Publisher's note, May 2012.
Physicians today who treat patients for pain, especially primary care physicians, could be forgiven if they complain they suffer from whiplash, given how quickly the conventional wisdom regarding opioids has been reverse
Doctors have been told that they should consider pain to be the “fifth vital sign” and that all patients deserve to have their pain taken seriously and treated aggressively, lest the doctor receive poor marks on patient satisfaction surveys. Despite the fact that many physicians have been ill-prepared by their medical education to effectively assess and manage the patients who present to them complaining of chronic pain, they have relied on their professional judgment to provide good-faith care to people with legitimate medical needs (though some patients are not always themselves acting in good faith). They’ve been told that they need to spend as much time as necessary with chronic pain patients in order to conduct a thorough exam and assessment that takes into account all possible physical and psychosocial factors before prescribing opioids, and then to diligently follow-up frequently with those patients, all while practicing in an environment that allows for less and less time to be spent on any one patient. They’ve also been instructed to meticulously document every statement, decision, and justification for treatment in each patient’s record, in case their care fails to pass muster according to the notoriously opaque standards of state or federal regulators.
These physicians have also been told that they must regularly avail themselves of the latest CME and other educational offerings, as well as the latest published research, to bolster their ability to provide appropriate and effective care to patients with chronic noncancer pain, especially when it comes to prescribing long-term opioid therapy. The message that many physicians received from this was that their (and their patients’) fears regarding opioid addiction and dependence are unfounded, and that responsibly prescribed opioids are a vital component of effective management of chronic noncancer pain.
All of these messages from advocates for pain patients, physician educators and professional societies, and others had an effect, and the great majority of physicians did the best they could with the tools and knowledge at hand. Now attention has shifted from the undertreatment of pain (though studies and surveys continue to reveal that patients’ pain is undertreated across settings and demographics), to the overprescription of opioid medications for pain.
Now the narrative is that many physicians are too cavalier when it comes to prescribing opioids, often administering them to patients who receive little benefit, and are unaware of the risks associated with long-term chronic opioid therapy. This change in physicians’ attitudes and prescribing habits, so the story goes, has created an environment in which so many people have received “medically appropriate” prescriptions for these medications that the ready supply of opioids in the nation’s medicine cabinets has ballooned. This in turn has contributed to a huge increase in prescription opioid-related deaths among people who misuse these medications (and who overwhelmingly are frequently not the ones for whom the prescription was written). Because of this, all physicians who treat patients for pain are under greater scrutiny, despite the fact that a relatively small number of clinicians are responsible for a large percentage of the schedule II opioid prescriptions written in this country. And now comes word that the federal government is intent on investigating the financial relationships between the makers of opioid medications and several national non-profits and professional societies that, the government alleges, have improperly promoted “a body of dubious information” regarding the use of opioid medications through “prescribing guidelines, patient literature, position statements, books and doctor education courses” (http://trib.in/JkwIUf).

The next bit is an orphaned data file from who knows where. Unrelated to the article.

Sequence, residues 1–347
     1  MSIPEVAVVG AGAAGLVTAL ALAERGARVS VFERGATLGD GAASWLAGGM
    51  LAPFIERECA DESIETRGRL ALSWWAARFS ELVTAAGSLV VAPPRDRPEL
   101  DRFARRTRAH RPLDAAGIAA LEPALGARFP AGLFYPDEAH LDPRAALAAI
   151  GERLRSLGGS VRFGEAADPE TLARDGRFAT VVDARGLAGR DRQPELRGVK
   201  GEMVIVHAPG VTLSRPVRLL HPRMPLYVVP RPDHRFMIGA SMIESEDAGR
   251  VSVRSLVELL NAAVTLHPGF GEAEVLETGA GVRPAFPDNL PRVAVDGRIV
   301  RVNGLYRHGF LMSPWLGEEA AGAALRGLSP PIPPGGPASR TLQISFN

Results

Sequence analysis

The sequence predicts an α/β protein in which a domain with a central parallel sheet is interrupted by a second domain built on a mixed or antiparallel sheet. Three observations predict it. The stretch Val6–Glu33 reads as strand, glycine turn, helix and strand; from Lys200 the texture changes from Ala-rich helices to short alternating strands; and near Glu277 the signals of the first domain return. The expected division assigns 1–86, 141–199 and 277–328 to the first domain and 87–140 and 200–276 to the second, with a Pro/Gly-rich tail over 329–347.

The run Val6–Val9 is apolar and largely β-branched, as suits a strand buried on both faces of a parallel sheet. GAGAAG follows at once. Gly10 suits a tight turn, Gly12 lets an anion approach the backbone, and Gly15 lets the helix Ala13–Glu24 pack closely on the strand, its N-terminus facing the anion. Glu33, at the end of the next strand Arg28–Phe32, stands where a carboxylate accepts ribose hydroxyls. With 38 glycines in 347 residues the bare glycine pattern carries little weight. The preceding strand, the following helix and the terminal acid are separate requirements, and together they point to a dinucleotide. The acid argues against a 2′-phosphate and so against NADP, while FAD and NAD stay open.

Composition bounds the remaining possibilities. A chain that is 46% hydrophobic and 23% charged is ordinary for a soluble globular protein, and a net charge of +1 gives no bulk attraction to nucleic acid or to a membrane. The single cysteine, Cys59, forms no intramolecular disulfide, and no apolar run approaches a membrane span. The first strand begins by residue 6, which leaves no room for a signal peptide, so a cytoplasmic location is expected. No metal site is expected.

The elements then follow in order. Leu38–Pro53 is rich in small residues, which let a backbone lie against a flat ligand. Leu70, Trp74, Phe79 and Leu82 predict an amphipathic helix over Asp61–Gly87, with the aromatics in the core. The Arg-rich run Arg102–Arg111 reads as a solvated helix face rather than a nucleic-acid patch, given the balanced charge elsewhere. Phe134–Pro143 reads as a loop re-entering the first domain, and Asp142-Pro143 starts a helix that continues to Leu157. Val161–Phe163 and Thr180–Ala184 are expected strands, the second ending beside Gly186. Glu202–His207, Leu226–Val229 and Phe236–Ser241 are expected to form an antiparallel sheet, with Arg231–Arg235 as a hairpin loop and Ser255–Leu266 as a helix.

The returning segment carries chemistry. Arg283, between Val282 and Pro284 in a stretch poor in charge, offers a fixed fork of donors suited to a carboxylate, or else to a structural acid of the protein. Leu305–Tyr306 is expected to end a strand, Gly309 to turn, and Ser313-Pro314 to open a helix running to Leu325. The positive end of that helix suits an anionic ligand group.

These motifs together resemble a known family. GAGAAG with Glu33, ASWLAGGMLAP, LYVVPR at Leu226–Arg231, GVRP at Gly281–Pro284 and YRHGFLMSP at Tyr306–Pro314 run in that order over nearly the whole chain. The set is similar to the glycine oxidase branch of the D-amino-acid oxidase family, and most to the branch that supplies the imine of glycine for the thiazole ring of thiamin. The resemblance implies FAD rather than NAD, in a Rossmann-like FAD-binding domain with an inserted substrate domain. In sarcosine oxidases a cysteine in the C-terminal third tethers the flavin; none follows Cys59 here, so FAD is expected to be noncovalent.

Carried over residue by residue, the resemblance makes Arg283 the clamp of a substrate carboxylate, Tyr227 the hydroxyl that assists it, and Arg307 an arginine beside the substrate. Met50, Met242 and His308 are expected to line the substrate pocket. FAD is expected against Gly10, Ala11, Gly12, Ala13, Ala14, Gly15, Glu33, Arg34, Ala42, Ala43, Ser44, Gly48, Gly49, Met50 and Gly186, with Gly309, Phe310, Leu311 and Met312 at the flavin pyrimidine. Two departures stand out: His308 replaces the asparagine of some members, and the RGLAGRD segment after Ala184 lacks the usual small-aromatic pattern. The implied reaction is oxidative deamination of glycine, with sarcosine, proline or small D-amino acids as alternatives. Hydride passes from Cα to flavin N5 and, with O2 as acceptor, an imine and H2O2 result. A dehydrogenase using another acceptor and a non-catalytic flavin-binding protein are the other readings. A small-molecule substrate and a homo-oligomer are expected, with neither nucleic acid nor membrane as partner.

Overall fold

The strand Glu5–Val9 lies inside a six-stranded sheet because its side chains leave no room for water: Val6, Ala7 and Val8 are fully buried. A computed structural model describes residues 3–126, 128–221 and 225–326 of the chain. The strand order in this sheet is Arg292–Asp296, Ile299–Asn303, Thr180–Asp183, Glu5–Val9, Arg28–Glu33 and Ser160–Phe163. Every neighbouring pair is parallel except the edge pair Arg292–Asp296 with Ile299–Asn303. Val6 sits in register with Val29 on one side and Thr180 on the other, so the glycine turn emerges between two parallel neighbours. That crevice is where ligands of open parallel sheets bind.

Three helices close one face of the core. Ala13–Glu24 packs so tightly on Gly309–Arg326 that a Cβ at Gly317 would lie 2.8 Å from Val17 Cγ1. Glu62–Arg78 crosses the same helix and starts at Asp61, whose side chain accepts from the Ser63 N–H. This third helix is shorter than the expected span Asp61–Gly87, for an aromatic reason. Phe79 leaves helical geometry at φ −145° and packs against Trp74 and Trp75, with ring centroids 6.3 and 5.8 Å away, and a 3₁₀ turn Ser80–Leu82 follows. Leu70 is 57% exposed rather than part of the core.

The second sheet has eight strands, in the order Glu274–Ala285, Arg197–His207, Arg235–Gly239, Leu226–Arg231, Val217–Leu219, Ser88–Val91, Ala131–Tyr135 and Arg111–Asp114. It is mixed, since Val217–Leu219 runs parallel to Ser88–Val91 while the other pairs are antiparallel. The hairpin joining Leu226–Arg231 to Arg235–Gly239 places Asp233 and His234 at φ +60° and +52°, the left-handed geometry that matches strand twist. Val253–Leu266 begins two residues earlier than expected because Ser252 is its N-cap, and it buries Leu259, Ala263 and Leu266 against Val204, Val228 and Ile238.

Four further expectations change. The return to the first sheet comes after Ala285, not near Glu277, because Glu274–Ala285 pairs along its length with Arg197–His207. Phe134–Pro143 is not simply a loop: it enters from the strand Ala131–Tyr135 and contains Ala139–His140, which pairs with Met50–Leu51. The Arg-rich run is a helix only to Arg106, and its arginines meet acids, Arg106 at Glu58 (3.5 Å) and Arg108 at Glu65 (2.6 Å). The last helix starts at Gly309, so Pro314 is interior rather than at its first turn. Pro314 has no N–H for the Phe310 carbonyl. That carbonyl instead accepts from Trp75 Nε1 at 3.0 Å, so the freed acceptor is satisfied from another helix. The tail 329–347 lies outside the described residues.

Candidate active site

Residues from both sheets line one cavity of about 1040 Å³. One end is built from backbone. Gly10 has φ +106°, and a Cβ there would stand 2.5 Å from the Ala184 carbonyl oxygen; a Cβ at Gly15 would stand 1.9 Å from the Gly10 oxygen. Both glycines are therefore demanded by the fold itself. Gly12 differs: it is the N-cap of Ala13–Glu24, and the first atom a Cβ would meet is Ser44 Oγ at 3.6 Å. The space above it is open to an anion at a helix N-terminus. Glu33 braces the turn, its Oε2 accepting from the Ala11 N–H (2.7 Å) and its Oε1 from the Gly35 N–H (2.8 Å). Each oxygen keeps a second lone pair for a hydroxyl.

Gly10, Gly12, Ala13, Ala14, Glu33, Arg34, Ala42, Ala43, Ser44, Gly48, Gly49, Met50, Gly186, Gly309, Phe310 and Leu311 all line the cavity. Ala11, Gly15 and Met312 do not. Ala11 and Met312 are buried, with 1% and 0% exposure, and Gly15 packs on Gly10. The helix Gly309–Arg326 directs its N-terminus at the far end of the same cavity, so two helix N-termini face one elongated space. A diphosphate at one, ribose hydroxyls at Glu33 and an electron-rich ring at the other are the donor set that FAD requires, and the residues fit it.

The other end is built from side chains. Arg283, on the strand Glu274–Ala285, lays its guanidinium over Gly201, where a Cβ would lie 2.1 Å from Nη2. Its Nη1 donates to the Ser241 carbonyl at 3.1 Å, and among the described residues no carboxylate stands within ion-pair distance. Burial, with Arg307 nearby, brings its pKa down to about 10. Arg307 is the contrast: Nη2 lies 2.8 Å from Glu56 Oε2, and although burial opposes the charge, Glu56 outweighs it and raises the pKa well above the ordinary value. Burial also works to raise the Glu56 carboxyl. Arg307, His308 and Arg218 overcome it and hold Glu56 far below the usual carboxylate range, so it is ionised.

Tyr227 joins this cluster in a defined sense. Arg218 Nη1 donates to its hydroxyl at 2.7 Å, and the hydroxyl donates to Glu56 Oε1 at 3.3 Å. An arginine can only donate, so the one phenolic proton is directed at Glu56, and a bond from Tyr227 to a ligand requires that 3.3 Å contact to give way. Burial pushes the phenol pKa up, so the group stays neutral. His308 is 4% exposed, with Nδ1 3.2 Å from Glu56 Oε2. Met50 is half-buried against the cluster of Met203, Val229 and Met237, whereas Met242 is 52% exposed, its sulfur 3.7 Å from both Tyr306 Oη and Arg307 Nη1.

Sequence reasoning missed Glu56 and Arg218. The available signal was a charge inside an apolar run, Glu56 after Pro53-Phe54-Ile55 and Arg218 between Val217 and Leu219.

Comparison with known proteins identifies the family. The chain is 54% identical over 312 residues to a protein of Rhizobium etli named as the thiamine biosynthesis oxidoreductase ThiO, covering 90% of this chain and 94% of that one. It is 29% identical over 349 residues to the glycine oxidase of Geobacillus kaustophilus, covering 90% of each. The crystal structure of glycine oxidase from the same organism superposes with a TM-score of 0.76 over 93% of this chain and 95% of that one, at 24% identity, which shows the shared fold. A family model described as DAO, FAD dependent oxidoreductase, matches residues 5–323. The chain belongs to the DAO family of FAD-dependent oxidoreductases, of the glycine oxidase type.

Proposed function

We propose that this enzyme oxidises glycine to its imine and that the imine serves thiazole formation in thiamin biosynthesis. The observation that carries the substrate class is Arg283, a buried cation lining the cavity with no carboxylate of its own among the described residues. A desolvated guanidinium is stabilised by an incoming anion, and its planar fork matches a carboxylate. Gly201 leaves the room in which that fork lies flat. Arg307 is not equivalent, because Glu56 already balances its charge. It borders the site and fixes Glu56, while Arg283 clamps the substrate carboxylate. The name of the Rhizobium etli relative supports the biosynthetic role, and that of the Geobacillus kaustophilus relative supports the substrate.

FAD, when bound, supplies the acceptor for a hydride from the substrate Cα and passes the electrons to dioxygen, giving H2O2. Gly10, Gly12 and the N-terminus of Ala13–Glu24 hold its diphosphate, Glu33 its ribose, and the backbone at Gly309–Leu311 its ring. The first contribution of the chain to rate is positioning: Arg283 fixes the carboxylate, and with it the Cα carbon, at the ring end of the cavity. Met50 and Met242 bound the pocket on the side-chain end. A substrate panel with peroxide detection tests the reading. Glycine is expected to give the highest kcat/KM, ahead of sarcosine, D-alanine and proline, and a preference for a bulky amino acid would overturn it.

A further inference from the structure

One minute doctors are being told that they’re not doing enough to treat pain; they need to educate themselves from reputable sources and do a better job. The next they’re told they’re doing too much to treat pain and now they’re responsible for an opioid epidemic. Now they’re being told by the government that the sources of their information may be suspect, throwing everything into an even greater state of confusion. Where this ends up is anybody’s guess.